Without architects in leadership roles in historic preservation, buildings suffer and education suffers, according to Hugh C. Miller, FAIA, a former chief historical architect for the National Park Service and a professor and thesis director for Goucher College’s Master of Arts in Historic Preservation program (of which this author is a graduate). “The profession is complicated, and the whole building industry is very complicated,” he says. “The trend in preservation education is that we’re really training generalists. They get a pretty good immersion in the preservation process, but they don’t get very much in terms of its application to the practice of architecture.”

The concepts of preservation related to culture and context are inherent in most theory, history, and design studios already, Wilson adds. “It probably isn’t presented as preservation, but it is there.”

Without preservation training, architects naturally have less appreciation for character-defining features of historic buildings, or their historic context, says Bruce D. Judd, FAIA, principal of the Bruce Judd Consulting Group in Seaside, Fla., and an adjunct assistant professor in the Goucher program. “Many people think that, if you’re a ‘real’ architect, you can design something that is magnificent and put your ego into it; and if you’re a preservation architect, you subvert your ego in many ways,” he says. “It may be that you need both those elements to work on historic buildings successfully.”

“Preservation education gives you a much better understanding when you have to interface with an existing building,” Judd says. “Many people do a terrible job—they overwhelm the original building with large unsympathetic additions, or don’t understand the importance of character-defining features.”

Architecture schools also provide a fertile environment in which to explore a deeper understanding of the intersection between preservation and sustainability. As architects chase after LEED points, architecture and preservation students are increasingly being challenged to consider alternative definitions of sustainability that take cultural issues, building and material life cycles, and economics into account. “When people talk about green buildings and existing buildings, my sense is there is a lot of mythology,” Miller says. “Is the greenest building the one that’s already built? It depends. How do you improve the envelope performance? Are there outdated systems that need to be replaced?”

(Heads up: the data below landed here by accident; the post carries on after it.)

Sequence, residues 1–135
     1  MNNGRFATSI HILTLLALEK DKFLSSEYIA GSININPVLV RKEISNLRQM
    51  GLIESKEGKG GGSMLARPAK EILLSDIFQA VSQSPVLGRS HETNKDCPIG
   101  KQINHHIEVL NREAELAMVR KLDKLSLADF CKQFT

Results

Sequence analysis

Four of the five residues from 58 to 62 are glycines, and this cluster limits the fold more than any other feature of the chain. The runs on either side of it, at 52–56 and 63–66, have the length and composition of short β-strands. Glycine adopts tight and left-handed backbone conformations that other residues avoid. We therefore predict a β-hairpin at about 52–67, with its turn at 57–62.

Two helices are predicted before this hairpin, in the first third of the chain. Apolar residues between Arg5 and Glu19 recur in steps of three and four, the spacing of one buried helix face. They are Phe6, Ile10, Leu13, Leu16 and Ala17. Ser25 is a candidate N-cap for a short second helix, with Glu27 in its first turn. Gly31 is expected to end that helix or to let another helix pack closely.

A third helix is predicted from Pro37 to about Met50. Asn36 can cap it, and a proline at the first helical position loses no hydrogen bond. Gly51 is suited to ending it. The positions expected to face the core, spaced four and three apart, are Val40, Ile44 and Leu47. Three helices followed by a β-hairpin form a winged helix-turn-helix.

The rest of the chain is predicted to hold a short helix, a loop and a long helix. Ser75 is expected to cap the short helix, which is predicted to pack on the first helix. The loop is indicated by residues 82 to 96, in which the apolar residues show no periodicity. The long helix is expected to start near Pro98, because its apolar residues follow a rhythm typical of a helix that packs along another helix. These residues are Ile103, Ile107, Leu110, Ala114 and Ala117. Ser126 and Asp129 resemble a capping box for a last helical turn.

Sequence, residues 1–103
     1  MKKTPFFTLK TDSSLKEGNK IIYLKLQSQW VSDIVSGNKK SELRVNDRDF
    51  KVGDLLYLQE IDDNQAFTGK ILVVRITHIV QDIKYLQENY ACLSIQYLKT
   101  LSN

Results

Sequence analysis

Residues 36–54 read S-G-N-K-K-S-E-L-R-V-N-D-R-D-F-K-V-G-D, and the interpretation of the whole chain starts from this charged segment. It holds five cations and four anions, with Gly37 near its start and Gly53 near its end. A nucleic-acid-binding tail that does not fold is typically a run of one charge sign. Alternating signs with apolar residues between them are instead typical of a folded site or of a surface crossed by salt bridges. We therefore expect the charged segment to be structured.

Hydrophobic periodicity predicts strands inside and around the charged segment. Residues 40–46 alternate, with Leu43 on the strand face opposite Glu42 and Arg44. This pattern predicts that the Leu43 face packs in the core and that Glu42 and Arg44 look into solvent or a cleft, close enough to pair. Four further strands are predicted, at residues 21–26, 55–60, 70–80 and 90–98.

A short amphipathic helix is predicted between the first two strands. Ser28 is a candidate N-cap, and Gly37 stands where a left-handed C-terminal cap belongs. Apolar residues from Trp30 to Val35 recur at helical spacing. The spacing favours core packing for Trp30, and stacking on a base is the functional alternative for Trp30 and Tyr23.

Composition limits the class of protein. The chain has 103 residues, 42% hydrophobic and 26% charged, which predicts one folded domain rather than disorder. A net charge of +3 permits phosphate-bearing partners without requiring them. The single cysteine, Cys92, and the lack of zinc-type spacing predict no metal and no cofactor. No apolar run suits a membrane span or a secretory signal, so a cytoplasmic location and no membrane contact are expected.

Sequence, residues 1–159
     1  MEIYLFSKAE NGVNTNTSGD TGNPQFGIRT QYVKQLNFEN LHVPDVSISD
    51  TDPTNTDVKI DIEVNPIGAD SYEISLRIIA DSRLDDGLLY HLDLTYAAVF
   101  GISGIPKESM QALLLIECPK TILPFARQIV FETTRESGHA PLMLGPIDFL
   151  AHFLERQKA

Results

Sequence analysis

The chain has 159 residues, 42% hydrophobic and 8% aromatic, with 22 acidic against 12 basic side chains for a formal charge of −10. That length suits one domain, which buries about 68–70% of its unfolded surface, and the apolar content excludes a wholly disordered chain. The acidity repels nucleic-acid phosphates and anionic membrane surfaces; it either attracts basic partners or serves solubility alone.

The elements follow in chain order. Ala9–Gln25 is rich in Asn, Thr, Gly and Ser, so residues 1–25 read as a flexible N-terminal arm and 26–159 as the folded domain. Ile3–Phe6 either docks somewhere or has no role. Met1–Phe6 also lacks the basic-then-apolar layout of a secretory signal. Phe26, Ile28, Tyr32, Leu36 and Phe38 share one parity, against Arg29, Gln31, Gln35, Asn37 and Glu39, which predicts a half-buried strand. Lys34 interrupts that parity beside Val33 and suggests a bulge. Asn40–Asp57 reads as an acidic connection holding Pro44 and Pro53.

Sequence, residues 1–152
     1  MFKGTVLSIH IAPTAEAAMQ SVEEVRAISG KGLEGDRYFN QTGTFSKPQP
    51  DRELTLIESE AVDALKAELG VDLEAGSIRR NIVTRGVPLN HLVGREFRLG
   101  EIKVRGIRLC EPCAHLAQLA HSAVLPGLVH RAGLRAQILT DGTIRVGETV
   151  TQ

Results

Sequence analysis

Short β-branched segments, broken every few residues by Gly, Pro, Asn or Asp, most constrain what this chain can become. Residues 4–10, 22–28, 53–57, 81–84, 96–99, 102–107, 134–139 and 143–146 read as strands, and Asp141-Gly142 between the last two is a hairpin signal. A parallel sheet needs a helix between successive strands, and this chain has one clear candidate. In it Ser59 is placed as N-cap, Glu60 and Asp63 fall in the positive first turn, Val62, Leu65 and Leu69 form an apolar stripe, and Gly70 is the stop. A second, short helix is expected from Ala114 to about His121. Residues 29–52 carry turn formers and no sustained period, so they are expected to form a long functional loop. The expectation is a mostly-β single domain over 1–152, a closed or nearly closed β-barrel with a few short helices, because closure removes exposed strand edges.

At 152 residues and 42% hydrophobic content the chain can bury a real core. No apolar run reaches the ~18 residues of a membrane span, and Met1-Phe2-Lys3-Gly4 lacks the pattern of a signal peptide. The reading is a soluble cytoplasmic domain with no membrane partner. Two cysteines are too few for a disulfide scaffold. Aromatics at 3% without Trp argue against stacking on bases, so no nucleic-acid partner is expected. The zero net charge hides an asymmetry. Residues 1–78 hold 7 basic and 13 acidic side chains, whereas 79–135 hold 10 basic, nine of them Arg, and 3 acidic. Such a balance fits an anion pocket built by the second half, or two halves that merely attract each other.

Several architecture schools and stand-alone preservation programs are adding a sustainability element in the form of a course or an additional certificate. The Goucher’s program, for example, has a two-semester course on preservation and sustainability that requires students to produce a publishable, vetted white paper on some aspect of the field.

“I think there’s increasing interest in this world, due to environmental and resource issues and contextual issues,” says U.Va.’s Daniel Bluestone. “As society is becoming increasingly global and homogenous, we are more intensely interested in feeling rooted in place, and that means tapping into the heritage of particular localities.”

The down economy, ironically, has been a boon to preservation architects as well. “When the economy is not doing very well, people have a tendency to go back and work on their existing buildings,” Judd says.

That may be true, but if current trends in preservation education persist, will architects know what to do with them? Next year, the AIA, the National Architectural Accreditation Board, the Association of Collegiate Schools of Architecture, the American Institute of Architecture Students, and the National Council of Architectural Registration Boards, among others, will participate in the quinquennial Accreditation Review Conference. Already, the AIA is soliciting input from members about what the conference should cover and how architectural education should evolve. Where historic preservation will fit in remains to be seen.

“The preservation field is thriving,” Wilson says. “It is the architecture programs that are losing out by not taking ownership of the discipline. The preservationist and the architect share the ultimate belief: that we are serving something bigger than ourselves—that we create places where people can flourish.” If that is true, then the academy is perfectly poised to help those two professions to coexist.